Escort Passport Max
Escort Passport Max

Best radar detector overall

The Escort Passport Max has it all, experts say. It sniffs out radar guns better than other dashboard detectors in tests, even sneaky instant-on radar spurts. Special technology weeds out false alarms, and its GPS knows where the speed and red-light cameras are. In short, reviews say this is the best dashboard radar detector money can buy.
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Escort Passport 8500 X50
Escort Passport 8500 X50

Best midrange radar detector

Without GPS, the Escort Passport 8500 X50 can't warn you of speed or red-light cameras, and it can't lock out false alarms. But if you simply want good radar detection, the 8500 X50 Black (the latest version) does a remarkable job sniffing out radar guns from far away -- even better than some pricey detectors in one major test.
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Beltronics Vector 955
Beltronics Vector 955

Best cheap radar detector

Although it can't match the best detectors, testers say the Beltronics Vector 955 is a good budget radar detector that will give drivers enough notice to react to upcoming radar traps. It includes a few features you'll find on pricey detectors, including spoken alerts and a city mode that somewhat reduces false alarms from automatic grocery-store doors and the like.
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Escort RedLine
Escort RedLine

Best "invisible" radar detector

Although radar detectors are usually legal in passenger cars, Virginia and Washington, D.C., ban them, and federal law prohibits their use in commercial trucks. But the Escort RedLine is invisible to police radar-detector detectors (RDDs) in tests. It's also a great radar/laser detector -- one of the top performers in tests. Without GPS, though, it can't warn you of speed or red-light cameras.
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See a side-by-side comparison of key features, product specs, and prices.

Radar Detectors Runners Up:

Escort Passport 9500ix Est. $470

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Beltronics STi Magnum Est. $480

1 pick including: Amazon.com, RadarTest.com…

Radar detectors -- and their reviewers -- brew controversy

Although manufacturers and users may say otherwise, most people buy radar detectors for one reason: to avoid speeding tickets. It's not surprising, then, that there's a bit of an outlaw mentality among the people who review radar detectors -- including two who have become trusted sources in the industry.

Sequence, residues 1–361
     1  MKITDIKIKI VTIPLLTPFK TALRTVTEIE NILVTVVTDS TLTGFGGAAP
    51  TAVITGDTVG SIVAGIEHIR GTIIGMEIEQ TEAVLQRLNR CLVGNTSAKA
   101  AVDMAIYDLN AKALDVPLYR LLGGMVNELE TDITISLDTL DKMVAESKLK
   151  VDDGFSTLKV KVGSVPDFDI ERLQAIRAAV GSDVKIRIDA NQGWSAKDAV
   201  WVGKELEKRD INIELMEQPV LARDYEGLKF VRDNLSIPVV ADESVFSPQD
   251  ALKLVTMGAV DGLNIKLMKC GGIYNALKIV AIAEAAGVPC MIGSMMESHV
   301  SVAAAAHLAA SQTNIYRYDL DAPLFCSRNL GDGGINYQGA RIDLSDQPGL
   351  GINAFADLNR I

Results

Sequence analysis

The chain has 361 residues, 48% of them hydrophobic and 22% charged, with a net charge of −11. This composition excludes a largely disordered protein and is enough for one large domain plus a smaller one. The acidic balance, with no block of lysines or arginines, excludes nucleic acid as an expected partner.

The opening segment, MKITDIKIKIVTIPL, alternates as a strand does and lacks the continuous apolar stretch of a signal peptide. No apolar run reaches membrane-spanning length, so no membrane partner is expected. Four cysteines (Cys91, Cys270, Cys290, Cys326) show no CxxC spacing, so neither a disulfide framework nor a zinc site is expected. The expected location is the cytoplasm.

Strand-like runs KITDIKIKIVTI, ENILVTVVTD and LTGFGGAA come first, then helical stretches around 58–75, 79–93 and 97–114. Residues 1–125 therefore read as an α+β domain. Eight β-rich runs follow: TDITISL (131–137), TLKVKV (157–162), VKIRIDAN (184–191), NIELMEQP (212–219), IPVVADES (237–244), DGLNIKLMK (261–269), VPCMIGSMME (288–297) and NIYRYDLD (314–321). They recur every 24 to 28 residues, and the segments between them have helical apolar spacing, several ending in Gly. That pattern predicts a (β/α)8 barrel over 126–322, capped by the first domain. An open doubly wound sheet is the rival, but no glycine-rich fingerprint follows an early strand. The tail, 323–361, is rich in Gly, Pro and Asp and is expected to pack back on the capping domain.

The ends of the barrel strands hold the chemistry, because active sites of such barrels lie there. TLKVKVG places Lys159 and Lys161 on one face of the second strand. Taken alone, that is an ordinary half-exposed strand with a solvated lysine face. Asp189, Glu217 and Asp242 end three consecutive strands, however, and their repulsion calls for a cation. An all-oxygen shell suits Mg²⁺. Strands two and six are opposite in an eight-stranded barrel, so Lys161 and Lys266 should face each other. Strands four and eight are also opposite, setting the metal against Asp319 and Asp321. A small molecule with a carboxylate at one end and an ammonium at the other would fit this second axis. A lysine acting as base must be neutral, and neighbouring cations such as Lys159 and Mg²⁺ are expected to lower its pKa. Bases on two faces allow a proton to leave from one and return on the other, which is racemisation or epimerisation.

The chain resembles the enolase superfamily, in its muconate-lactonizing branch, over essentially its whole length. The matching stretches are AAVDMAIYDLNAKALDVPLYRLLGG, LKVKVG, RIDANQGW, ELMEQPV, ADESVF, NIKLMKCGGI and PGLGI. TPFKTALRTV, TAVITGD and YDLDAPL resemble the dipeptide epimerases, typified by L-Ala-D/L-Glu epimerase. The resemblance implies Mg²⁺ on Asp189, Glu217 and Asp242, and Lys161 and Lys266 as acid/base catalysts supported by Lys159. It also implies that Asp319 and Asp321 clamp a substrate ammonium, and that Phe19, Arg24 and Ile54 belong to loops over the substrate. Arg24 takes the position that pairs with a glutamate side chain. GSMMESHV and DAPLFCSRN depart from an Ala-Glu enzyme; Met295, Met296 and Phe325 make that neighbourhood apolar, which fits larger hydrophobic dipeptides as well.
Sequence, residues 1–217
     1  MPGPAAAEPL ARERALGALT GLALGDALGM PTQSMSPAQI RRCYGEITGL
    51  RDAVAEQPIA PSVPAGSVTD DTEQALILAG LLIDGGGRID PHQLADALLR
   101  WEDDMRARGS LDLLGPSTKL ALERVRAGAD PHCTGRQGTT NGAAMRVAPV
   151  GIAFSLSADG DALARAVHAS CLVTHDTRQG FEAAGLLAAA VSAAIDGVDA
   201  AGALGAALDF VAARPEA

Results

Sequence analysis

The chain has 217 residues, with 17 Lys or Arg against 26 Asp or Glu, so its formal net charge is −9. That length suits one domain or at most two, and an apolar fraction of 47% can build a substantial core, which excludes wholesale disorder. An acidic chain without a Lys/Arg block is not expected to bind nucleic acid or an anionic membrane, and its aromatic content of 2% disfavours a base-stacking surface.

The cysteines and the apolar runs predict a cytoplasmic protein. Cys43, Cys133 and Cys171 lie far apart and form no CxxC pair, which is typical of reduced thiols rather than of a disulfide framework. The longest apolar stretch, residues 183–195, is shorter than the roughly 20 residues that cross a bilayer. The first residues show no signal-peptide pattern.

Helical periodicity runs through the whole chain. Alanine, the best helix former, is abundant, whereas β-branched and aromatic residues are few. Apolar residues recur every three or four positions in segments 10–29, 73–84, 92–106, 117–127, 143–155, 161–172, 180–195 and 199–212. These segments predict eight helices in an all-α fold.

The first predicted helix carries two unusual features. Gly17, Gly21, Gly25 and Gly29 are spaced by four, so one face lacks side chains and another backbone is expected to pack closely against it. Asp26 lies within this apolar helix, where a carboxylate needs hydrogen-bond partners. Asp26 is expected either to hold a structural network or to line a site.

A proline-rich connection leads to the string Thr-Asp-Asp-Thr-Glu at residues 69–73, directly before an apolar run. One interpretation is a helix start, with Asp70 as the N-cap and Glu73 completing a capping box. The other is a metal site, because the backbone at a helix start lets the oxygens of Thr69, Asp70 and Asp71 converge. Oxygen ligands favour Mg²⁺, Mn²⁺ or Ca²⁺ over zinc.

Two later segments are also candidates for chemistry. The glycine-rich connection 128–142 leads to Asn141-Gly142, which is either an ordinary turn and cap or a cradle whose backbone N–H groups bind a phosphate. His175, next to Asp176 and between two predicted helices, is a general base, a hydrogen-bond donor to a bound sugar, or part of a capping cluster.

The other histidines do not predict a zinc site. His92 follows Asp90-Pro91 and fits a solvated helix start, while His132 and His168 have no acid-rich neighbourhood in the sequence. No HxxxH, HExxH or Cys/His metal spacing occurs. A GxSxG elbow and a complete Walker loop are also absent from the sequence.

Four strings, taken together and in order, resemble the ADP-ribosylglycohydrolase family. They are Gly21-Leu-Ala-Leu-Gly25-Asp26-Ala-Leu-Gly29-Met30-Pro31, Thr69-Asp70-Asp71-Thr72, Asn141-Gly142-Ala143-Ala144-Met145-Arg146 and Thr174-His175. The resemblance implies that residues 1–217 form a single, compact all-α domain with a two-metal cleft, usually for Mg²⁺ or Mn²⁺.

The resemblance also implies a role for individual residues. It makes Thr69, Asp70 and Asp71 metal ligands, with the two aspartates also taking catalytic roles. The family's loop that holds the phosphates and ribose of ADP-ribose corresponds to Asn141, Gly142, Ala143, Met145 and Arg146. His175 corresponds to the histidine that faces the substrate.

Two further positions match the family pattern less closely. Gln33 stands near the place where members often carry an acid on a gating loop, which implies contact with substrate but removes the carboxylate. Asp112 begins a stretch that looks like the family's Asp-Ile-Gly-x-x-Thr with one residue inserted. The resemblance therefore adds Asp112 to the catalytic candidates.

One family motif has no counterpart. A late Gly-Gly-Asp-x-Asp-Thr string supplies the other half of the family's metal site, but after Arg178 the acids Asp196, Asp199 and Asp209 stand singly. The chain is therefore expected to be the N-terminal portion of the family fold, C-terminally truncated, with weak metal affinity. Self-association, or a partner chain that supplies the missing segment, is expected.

Several years ago, Craig Peterson of RadarTest.com was accused of sabotaging a radar-detector field test by the editors of the now-inactive GuysOfLidar.com, who post a video on their website to back up the claim. (Peterson doesn't respond to the accusation on his website.)

Roy Reyer, a former police officer and proprietor of RadarBusters.com, is a prominent expert and tester of radar detectors. He has had legal problems in the past, although not related to the use or review of radar detectors. Reyer pleaded guilty in 2001 to felony solicitation to commit computer tampering in connection with a satellite-TV fraud case, according to records from Maricopa County Superior Court in Arizona. Reyer's sentence was suspended, and he was placed on probation for three years and ordered to pay restitution to DirecTV.

Cases such as these can make it difficult for shoppers to figure out which radar-detector reviewers are trustworthy. Ultimately, we did choose to consult testing data and ratings put forth by Peterson and Reyer, but only in conjunction with reviews and test results we found elsewhere.

To find the very best radar detectors, we looked for common threads within multiple tests, recommending radar detectors that perform well across the review spectrum. We checked the meticulous tests by the East Coast Countermeasure Testing Group and Speed Measurement Laboratories (both made up of devoted radar-detector fanatics with excruciating attention to detail) as well as mainstream reviews at Autoweek and CNET, and plentiful owner reviews at Amazon.com and BestBuy.com. We name the best radar detectors based on performance, of course, but we also consider factors such as added features and ease of use.

This report covers three broad categories:

Radar detectors. You can get a good detector for about $200. Pay more, and you'll get a more sensitive detector that can sniff out radar from farther away -- giving you more time to slow down.

Top-of-the-line, $400-plus radar detectors often have GPS, which lets them remember (and remind you) where speed and red-light cameras are. GPS can also mark false-alarm locations, cutting down on annoying, pointless beeps.

"Invisible" radar detectors. Radar detectors are illegal in a few areas (including Virginia and Washington, D.C.) and for commercial truck drivers. "Invisible" radar detectors can't be seen by police radar-detector detectors (RDDs), and they're great long-range detectors -- perfect for highway driving. They're expensive, though (about $500 or more), and they lack "smart" features like GPS.

Laser jammers. Every radar detector in this report can also detect police laser guns -- but by the time they notice laser's pinpoint beam, you're probably already nailed. But you can legally jam police laser guns in most states (unlike radar jammers, which are illegal).

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